• Biofeedback. Biofeedback may improve your headaches by helping you monitor how your body responds to stress. It may help with both tension headaches and migraines, but doctors aren’t exactly sure why.
  • Butterbur: This herb can lower the number of migraines you have and make the headaches less severe. Supplements can help, but they might cause belching and other mild tummy troubles. Be sure to look for the supplements that are free from pyrrolizidine alkaloids, which are known to cause liver damage and cancer.
  • Coenzyme Q10: This antioxidant, available as a supplement, may help prevent headaches.
  • Feverfew: This herb can prevent migraines, but supplements can cause aches, pains, and mouth sores.
  • Ice. Hold a cold cloth or an ice pack to the painful area on your head or neck. Wrap the ice pack in a towel to protect your skin.
  • Limit salt. Eating too many salty foods could also lead to headaches. It’s wise to limit the amount of salt you eat around the time of your period.
  • Massage. There’s some evidence that shows it can help ease migraines, but again, doctors aren’t exactly sure how it works.
  • Magnesium. Low levels of this mineral can lead to headaches. Supplements may help. But they can give you diarrhea.
  • Relaxation techniques. These include progressive muscle relaxation, guided imagery, and breathing exercises. They can’t hurt, and some experts say they help with headaches, but there isn’t a lot of solid proof.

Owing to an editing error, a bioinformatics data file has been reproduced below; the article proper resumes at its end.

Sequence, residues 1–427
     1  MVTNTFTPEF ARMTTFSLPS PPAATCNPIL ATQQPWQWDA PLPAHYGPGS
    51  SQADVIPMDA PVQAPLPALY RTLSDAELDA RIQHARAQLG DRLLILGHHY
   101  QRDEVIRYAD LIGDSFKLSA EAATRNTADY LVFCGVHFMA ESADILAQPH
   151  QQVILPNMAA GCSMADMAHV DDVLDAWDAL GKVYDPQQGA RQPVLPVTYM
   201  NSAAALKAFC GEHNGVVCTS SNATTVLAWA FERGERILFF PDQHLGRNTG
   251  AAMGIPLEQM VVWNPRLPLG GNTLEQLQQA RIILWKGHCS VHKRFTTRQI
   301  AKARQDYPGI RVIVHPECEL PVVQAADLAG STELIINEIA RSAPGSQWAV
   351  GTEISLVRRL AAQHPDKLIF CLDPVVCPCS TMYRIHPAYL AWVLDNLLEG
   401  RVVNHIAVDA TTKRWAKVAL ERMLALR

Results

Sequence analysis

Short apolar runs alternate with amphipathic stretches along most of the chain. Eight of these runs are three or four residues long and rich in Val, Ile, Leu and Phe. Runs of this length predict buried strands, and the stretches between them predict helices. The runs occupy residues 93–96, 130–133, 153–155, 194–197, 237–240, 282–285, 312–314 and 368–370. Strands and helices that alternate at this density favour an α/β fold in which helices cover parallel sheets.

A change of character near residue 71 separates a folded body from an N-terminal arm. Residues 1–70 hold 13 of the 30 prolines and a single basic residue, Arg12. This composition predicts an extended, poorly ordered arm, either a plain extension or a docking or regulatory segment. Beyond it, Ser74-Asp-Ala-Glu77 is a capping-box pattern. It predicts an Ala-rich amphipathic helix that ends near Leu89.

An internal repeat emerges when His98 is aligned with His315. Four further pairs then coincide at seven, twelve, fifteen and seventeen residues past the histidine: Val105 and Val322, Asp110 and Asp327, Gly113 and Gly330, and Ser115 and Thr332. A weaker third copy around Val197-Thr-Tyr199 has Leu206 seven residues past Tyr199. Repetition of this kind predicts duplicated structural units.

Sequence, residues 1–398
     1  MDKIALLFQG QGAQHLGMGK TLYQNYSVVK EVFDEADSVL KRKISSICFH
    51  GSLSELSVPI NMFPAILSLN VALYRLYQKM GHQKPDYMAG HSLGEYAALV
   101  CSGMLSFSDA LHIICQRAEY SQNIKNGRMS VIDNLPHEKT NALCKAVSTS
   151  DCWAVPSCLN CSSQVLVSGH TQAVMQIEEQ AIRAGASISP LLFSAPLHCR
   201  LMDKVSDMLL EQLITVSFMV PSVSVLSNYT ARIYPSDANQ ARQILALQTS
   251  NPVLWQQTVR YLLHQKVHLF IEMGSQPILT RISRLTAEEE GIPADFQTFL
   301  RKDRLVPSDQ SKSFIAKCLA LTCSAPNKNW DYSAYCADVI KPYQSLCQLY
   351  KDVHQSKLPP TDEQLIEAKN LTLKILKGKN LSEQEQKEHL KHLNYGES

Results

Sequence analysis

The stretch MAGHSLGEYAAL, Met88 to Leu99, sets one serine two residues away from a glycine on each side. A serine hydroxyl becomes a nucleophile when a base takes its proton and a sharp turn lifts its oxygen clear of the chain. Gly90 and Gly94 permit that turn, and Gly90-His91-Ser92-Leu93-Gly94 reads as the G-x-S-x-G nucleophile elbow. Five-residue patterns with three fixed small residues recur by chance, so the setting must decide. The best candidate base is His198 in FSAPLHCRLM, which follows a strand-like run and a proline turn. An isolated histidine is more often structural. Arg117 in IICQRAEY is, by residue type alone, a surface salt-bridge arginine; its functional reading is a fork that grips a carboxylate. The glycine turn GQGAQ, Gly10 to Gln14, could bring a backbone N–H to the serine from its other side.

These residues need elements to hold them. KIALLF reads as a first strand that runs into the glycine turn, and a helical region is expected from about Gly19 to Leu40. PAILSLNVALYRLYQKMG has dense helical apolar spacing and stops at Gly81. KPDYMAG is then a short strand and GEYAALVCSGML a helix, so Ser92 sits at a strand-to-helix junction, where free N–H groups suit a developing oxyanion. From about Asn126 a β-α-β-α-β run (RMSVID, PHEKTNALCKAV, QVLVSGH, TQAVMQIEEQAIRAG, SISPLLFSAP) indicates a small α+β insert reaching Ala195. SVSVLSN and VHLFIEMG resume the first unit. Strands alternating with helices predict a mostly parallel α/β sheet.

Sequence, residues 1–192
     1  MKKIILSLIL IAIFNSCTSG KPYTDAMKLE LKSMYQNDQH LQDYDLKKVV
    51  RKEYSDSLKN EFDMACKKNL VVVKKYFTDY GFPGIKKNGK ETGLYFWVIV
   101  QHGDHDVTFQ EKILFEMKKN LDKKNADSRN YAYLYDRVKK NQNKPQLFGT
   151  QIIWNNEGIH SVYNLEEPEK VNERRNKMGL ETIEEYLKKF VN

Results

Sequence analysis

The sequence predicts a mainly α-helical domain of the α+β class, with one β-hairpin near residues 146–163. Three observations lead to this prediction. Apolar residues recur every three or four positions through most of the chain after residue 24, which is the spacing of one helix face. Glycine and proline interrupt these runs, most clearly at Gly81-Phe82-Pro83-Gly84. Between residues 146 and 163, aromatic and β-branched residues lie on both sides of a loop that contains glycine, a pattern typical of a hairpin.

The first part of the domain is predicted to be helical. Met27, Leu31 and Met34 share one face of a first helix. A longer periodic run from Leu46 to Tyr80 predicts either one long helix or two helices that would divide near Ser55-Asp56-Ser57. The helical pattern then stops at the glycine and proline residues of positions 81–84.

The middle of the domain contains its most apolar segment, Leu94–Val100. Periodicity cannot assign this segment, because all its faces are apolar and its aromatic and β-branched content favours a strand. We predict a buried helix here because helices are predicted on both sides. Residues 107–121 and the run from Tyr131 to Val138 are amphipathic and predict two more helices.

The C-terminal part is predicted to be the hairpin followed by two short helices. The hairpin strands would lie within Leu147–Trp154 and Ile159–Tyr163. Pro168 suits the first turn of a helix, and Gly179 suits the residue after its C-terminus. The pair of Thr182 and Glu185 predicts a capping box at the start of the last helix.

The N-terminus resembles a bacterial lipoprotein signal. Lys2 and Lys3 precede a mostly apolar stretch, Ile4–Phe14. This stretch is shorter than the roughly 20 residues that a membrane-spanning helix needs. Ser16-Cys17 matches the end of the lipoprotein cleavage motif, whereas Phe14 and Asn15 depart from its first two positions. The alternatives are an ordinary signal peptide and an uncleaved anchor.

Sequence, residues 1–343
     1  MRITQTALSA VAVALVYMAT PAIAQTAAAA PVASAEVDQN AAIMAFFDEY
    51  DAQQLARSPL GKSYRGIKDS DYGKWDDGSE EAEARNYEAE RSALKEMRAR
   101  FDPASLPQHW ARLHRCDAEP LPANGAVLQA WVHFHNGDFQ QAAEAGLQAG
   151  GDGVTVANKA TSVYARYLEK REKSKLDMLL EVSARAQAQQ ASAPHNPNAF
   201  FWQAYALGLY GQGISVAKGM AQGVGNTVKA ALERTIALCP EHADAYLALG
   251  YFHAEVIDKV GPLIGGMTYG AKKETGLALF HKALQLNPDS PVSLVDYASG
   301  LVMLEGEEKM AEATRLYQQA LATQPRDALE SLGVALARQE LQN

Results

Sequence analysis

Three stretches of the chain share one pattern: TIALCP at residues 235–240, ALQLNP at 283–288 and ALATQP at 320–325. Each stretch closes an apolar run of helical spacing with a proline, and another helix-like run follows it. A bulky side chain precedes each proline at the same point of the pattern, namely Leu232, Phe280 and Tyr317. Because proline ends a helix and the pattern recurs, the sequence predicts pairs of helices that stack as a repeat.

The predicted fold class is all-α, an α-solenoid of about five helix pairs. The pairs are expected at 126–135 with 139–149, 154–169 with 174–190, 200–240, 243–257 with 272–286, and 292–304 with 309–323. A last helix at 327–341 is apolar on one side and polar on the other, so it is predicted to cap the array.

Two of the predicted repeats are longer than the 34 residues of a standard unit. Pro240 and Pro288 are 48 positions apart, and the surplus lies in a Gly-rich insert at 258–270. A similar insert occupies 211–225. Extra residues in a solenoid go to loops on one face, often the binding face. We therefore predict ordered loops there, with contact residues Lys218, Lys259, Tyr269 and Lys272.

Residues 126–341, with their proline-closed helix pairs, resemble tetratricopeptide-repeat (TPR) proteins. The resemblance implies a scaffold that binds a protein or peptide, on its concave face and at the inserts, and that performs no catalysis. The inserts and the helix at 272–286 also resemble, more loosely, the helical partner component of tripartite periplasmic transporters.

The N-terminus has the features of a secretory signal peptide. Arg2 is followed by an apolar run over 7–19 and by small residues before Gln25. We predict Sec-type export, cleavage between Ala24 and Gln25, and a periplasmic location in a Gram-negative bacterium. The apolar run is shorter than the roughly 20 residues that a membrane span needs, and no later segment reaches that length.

• Riboflavin. Also known as B2, this vitamin may help prevent migraines. It could also turn your pee an intense yellow.

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Can You Prevent These Headaches?

There are a few methods your doctor might suggest.

Hormonal : Birth control pills or estrogen patches and vaginal rings may help lower the number of menstrual migraines you have or make them less severe. But they don’t work for everyone. In some cases, they could make your migraines worse.

Your doctor might tell you to stay on birth control for 3 to 6 months without taking any placebo pills. This will prevent you from having a period and may stop your headaches.

If you get migraines with auras, using birth control that contains estrogen and progesterone isn’t a safe option. Taking it could make you more likely to have a stroke. Other reasons your doctor may not want you to take birth control for your menstrual migraines: